What Banned Book Is In Your Criminal Background?
Sedona, AZ (September 19, 2011)
by Adrea Lhotka, Public Services Librarian
Banned Books Week is an annual event promoting the freedom to read and the importance of the First Amendment. It’s a time when booksellers and libraries alike bring attention to their common mission to supply books and information to meet the needs of diverse communities.
Sponsors of Banned Books Week are the American Booksellers Association; American Booksellers Foundation for Free Expression; the American Library Association; American Society of Journalists and Authors; Association of American Publishers; and the National Association of College Stores. It is endorsed by the Center for the Book in the Library of Congress. In 2011, the Comic Book Legal Defense Fund; National Coalition Against Censorship; National Council of Teachers of English; and PEN American Center also signed on as sponsors.
Banned Books Week highlights the benefits of free and open access to information while drawing attention to the harms of censorship by spotlighting book challenges across the United States. Indeed, not every book is for every reader; each of us has the right to decide for ourselves what to read, listen to, or view.
Many notable classics have at one time or another been challenged or banned – books such as The Catcher in the Rye, To Kill a Mockingbird, and The Lord of the Flies. Intellectual freedom—the freedom to access information and express ideas, even if the information and ideas might be considered unorthodox or unpopular—provides the foundation for Banned Books Week. Classic novels and literature often explore difficult ideas, but through these experiences the burdens of the human condition can be lightened, and we find tremendous inspiration.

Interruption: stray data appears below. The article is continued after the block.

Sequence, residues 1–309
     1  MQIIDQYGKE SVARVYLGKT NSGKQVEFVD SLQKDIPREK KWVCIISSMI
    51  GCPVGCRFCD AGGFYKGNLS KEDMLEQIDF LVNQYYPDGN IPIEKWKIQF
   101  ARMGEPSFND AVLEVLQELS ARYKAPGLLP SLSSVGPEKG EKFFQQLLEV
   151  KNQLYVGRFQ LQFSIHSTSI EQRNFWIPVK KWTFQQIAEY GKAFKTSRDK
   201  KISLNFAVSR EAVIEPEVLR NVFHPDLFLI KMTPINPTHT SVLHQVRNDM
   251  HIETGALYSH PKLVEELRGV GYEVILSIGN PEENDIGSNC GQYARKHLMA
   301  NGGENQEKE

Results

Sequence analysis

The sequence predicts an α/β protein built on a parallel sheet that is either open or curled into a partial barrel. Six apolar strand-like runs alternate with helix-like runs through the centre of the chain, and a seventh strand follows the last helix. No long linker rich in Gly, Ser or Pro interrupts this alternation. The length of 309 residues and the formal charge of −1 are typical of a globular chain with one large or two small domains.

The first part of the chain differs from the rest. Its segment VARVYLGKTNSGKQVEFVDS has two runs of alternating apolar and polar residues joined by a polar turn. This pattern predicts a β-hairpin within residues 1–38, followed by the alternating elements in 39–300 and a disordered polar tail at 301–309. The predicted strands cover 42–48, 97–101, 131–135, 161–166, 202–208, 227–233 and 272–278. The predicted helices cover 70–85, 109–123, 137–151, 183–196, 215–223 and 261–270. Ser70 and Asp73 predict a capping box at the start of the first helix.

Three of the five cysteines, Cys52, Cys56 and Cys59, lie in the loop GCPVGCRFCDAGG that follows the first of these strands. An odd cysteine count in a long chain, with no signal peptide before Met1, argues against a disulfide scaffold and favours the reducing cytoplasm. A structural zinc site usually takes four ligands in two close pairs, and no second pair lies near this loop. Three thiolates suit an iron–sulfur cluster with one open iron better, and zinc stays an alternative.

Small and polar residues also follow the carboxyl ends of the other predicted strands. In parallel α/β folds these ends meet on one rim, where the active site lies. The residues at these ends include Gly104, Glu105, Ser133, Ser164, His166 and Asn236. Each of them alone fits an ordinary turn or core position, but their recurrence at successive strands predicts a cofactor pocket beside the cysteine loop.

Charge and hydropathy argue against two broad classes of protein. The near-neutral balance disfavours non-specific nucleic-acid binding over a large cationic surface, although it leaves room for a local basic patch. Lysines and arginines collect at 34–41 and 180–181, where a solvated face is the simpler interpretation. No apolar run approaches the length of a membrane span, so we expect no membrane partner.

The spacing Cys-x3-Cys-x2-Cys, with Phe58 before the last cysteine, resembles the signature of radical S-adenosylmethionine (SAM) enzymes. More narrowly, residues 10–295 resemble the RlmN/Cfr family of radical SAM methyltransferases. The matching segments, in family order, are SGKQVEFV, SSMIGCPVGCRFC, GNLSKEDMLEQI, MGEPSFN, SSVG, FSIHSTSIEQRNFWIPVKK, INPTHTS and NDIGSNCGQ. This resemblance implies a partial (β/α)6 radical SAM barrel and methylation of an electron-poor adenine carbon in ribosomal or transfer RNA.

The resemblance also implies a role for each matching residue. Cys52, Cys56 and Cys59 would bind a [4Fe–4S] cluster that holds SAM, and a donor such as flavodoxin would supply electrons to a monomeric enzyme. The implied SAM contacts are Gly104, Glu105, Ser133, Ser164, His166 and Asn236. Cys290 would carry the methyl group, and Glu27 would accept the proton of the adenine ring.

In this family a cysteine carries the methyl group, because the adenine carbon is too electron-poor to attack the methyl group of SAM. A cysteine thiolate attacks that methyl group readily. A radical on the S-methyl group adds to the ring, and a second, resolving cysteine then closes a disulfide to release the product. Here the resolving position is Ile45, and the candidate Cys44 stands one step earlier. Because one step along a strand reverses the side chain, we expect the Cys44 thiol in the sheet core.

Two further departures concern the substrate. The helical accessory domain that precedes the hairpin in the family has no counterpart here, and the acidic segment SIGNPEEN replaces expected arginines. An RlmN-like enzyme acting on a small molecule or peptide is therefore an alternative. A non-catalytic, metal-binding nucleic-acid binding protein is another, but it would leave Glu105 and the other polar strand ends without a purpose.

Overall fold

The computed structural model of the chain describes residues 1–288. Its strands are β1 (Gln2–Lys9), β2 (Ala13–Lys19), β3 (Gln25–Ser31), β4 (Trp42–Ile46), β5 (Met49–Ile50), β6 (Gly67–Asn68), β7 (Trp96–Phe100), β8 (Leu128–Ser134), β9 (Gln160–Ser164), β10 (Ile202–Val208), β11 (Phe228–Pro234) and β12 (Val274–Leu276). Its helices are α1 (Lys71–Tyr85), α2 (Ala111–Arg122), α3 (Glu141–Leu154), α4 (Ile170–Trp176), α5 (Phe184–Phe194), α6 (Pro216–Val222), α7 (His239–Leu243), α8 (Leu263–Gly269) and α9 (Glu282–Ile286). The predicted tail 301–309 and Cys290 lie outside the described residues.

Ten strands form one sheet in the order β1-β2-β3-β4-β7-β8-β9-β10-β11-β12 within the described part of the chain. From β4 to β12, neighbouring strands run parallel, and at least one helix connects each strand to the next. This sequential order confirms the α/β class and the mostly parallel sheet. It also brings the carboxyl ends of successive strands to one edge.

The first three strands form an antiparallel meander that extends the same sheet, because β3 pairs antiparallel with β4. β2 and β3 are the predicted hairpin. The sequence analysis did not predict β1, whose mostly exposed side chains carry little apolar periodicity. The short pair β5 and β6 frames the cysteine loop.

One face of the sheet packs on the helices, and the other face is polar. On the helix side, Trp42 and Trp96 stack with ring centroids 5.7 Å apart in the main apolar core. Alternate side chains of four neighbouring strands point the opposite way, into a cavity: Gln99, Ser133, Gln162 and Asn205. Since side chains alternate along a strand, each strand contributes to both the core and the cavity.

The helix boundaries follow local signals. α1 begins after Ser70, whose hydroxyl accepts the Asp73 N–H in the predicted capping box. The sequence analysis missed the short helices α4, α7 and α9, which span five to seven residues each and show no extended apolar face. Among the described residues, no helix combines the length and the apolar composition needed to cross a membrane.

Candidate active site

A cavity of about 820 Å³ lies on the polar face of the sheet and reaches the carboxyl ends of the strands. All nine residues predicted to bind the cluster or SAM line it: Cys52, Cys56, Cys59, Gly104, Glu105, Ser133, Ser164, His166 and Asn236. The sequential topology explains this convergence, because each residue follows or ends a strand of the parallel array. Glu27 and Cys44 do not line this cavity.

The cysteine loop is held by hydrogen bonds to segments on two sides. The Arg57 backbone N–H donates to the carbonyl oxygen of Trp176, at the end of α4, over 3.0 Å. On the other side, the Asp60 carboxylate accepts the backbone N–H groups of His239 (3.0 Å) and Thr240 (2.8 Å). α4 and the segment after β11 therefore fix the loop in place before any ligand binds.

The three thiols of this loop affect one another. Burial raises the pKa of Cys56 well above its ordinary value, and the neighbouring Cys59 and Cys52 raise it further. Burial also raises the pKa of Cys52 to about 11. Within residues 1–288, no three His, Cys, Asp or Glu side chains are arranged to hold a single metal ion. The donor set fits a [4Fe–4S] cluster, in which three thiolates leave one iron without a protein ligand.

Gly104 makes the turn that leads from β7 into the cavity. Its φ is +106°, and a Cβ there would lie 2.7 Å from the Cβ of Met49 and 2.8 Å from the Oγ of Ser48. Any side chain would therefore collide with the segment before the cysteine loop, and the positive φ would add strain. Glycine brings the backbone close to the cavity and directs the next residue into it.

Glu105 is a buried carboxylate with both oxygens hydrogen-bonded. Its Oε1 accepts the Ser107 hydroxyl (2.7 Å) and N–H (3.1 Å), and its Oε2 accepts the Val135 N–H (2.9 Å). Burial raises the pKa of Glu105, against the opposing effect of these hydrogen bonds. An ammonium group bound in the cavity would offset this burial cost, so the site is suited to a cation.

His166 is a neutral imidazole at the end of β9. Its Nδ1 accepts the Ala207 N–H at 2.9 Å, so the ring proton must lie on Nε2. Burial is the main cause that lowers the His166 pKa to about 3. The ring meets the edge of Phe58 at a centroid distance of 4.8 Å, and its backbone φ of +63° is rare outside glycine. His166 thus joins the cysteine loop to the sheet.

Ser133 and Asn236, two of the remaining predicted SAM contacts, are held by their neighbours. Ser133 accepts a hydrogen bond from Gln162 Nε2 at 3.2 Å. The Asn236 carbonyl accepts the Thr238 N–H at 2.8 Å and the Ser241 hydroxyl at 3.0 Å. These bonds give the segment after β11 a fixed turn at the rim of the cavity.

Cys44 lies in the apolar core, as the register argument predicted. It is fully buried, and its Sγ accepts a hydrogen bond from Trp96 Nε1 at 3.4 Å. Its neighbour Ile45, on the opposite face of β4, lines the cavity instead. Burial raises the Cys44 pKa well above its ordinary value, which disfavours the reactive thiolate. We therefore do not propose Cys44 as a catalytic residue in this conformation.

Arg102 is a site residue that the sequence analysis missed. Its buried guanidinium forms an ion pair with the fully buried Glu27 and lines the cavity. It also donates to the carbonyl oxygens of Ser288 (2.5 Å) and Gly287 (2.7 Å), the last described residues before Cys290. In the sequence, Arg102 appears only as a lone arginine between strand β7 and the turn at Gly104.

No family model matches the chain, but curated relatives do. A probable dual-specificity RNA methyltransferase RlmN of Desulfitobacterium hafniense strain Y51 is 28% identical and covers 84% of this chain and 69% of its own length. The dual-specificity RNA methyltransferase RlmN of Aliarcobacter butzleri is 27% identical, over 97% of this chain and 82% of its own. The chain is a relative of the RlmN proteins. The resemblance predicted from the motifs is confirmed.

Books are typically challenged with the best of intentions, usually to protect others, mostly children. Attempts at censorship arise from a variety of motives by people of diverse points of view. There is no one type of individual or group responsible.
Examples of reasons for challenging books include inaccurate, insensitive, racist, sexist, and violent content. Groups that have attempted to sensor materials include religious, government, and advocacy organizations. Historically, parents have initiated the greatest number of book challenges of any segment of society.
Sedona Public Library will celebrate Banned Books Week from September 24 to October 1 with a display entitled “What’s in your criminal background?” Patrons are invited to join volunteers and staff to have their mug shot taken with their favorite banned or challenged title. Bring your own or select from the library books on display.
On Monday, September 26 at 6:00 pm, the library’s Flicker Shack selection is a film based on the Laura Esquivel book Like Water for Chocolate. This charming romantic fantasy centers on Tita, a woman with a remarkable talent for imbuing her culinary creations with an emotive flavor. This book was challenged by a parent of a high school student in Wisconsin for “sexually explicit and inappropriate material.” Show your support for intellectual freedom by participating in events during Banned Books Week at Sedona Public Library.